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View Full Version : How long does it take to become an OpenGL master? Any masters out there?



John Jenkins
10-24-2002, 01:59 PM
Well I get better and better each day. Eventually I am going to be able to use all of the OpenGL capabilities and do it well. My question is what is the next step? How can I go from good programmer to excellent game programmer? I don't understand the industry very well. Are there schools that you guys recommend? I figure about another year and I will know the red book really well and be really good at OpenGL. If I wanted to go a step higher what should I do? What do OpenGL masters do? Mostly game programmers I suspect. I am getting to a point where I would like to do a side project and submit it to a web site for everyone to see. Anyone know of a website that accepts submissions? I am leaning towards making a game since I love games.

john
10-24-2002, 04:30 PM
Vader... you must confront Vader... only then, a Master you will be.

dorbie
10-24-2002, 05:49 PM
OpenGL is always expanding, recently at an incredible rate. You have to keep mastering the new stuff just to keep up. Then there's the application areas and algorithms, some of which are highly specialized and they also change and grow. If you ever think you've mastered everything you're probably wrong and even if you're right time will make you wrong.

dorbie
10-24-2002, 05:53 PM
P.S. for the latest stuff go to the source, that means mainly NVIDIA & ATI web sites and specs on OpenGL.org, some of the specs on OpenGL.org can be a bit dry and inpenetrable, especially if you're not familiar with all the related concepts, that's where the developer relations stuff from NVIDIA and ATI helps a lot.

CybeRUS
10-24-2002, 07:49 PM
Use google, Luke!
and may GeForce be with you!

JONSKI
10-26-2002, 02:14 PM
My Mantis-style OpenGL has no equal.

knackered
10-26-2002, 04:13 PM
Mastering opengl should not be your main concern if you want to write games. Make sure you've got mechanisms in place for things like basic triangle rendering (start with primitive shapes, like spheres/cylinders/boxes), an object property mechanism (so you can change properties at runtime to aid debugging new features), collision detection, route finding, camera control, some kind of high-level language for describing behaviours. Make sure you have a fast, clear and consistent maths library. Make sure you use a scenegraph structure for your graphics - any other type of scene representation should merely be a specialised node stemming off the scenegraph (bspnode, octreenode etc.). This will give you the most flexibility.
Per-pixel lighting etc. should really be the icing on your cake, not the sponge. The last thing you should do, rather than the first.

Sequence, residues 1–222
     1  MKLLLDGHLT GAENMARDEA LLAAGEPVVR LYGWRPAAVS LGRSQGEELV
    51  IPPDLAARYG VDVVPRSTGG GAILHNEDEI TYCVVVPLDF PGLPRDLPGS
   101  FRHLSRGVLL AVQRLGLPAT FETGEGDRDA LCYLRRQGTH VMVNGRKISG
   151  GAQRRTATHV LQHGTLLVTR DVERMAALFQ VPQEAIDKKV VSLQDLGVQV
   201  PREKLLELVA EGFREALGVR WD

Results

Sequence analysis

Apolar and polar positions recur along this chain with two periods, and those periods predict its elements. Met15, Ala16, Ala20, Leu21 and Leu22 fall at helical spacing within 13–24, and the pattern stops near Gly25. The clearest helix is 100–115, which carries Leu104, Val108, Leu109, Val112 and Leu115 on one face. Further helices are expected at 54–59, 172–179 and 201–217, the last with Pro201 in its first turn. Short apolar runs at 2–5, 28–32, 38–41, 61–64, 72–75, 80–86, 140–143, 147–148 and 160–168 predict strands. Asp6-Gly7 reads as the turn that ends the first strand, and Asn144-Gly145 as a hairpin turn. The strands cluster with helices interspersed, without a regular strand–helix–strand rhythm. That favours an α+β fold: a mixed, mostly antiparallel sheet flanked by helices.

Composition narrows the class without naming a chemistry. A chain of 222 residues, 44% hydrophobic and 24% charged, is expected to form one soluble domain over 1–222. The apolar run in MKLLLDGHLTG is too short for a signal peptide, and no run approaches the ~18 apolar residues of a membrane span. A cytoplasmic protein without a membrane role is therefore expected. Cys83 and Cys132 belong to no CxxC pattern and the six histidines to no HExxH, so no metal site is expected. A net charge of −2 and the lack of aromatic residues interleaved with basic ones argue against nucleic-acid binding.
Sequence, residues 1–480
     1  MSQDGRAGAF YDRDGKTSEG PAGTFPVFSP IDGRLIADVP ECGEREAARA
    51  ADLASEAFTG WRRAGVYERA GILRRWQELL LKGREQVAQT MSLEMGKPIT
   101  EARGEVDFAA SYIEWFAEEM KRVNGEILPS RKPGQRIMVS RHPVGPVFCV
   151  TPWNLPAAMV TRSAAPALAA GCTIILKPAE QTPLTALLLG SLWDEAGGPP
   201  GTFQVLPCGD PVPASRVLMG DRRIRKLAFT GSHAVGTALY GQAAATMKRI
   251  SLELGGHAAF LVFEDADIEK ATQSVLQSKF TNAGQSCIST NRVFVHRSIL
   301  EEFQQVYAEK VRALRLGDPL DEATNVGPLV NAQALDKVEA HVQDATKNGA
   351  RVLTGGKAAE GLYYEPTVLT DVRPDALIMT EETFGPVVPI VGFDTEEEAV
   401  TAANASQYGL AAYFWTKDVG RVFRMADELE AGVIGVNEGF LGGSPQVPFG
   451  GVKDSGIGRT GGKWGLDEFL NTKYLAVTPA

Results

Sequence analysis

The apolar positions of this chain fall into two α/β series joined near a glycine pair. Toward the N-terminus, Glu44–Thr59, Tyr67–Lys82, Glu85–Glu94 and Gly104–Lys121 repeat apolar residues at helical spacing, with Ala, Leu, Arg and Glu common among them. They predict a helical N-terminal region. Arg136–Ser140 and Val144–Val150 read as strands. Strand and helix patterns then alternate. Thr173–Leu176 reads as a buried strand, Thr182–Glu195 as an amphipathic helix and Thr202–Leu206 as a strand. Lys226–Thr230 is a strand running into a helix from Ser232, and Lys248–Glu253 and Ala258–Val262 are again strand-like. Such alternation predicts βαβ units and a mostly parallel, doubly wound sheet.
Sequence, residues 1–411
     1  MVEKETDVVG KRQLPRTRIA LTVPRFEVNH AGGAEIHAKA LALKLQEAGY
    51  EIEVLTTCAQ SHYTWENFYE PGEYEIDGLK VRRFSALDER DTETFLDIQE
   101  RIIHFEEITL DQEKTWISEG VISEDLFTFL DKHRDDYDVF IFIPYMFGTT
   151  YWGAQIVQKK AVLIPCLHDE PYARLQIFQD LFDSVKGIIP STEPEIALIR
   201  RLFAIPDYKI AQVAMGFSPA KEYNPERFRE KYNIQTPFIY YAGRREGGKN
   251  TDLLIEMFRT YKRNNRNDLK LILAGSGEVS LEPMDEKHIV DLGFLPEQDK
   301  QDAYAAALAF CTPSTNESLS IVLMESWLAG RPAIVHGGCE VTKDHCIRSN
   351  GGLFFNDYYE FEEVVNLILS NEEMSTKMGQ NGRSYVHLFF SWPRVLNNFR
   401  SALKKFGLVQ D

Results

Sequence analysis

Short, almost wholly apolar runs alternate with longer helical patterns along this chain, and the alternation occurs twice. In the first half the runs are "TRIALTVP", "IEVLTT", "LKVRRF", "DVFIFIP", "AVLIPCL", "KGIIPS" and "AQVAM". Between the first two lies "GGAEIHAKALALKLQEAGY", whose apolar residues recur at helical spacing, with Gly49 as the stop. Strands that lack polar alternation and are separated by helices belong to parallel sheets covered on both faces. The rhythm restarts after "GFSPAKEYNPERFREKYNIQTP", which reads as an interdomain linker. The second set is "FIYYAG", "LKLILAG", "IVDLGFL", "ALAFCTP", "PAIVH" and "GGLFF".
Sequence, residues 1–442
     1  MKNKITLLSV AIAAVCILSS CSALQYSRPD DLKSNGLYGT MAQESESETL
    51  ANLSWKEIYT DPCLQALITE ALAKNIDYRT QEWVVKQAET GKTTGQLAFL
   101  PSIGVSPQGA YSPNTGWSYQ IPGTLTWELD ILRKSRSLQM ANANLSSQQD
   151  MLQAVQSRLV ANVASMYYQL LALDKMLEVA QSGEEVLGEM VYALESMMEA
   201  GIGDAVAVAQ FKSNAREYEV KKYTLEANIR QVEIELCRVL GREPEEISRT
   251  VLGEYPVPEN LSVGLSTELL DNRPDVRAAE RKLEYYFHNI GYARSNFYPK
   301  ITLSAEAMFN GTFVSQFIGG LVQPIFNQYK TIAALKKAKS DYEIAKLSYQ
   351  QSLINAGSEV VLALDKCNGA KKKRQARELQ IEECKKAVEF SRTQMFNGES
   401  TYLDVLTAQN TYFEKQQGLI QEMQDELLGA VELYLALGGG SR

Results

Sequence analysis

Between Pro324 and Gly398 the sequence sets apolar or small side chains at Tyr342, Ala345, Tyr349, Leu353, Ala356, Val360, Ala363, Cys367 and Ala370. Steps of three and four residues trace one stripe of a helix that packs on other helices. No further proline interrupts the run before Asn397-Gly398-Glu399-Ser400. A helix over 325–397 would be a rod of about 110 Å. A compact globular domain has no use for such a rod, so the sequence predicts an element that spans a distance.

Once you have these mechanisms in place, you should find that the more advanced graphics techniques should be easier to 'drop-in' to your structure.
When you do get to the advanced graphics stage, make sure you use a shader scripting language (an existing one, such as rendermonkey's xml files, or one of your own making).

Hazem_vb
10-26-2002, 06:47 PM
Tip

You have not to master OpenGL to write

powerful games .

About the mastering time

It depends on you .

If you implement every thing you learn

(Recommened) you will take and all your life

become OpenGL Maximum at 3 Years (My

Opinion) .

else

if you learn OpenGl and donot implement what

you learn i think it is useless to learn it .

Hope you good and the best in your life .

Hazem_vb

Hazem_vb
10-26-2002, 06:50 PM
Originally posted by Hazem_vb:
Tip

You have not to master OpenGL to write

powerful games .

About the mastering time

It depends on you .

If you implement every thing you learn

(Recommened) you will take ,And All your life

become OpenGL , Maximum at 3 Years (My

Opinion) .

else

if you learn OpenGl and donot implement what

you learn i think it is useless to learn it .

Hope you good and the best in your life .

Hazem_vb

jwatte
10-26-2002, 06:54 PM
What I've found so far (and, no, I wouldn't consider myself mater of all of these :-)


Learn how to learn.

Then learn how to debug.

Then learn how to build, by studying many many examples, good and bad, and building on your own. Don't matter much if it's databases or the Linux kernel or Quake.

Then learn how to be listening and considerate in a team of very mixed people.

Then work at it for another ten years, all the while keeping up with development.


I suppose a good college education is a good base. I'd go for Math if I could go back, I think, or possibly EE. CS isn't actually the most solid foundation, as most of it is evolving so quickly that you're probably better off just doing reading on the side.

Hazem_vb
10-26-2002, 06:58 PM
Originally posted by Hazem_vb:


I Forget to tell you that is an excellent

site in Game Programming
http://www.GameTutorials.com

Bye

Hazem_vb

An OpenGL Game Programmer

V-man
10-26-2002, 09:38 PM
All of the above +

if one day you come up with some original idea and end up impressing all the CG society with your paper and your working demo, you can consider yourself a master.

It's kind of like the chemists and physicist who do research and after a few years, they discover something big.

V-man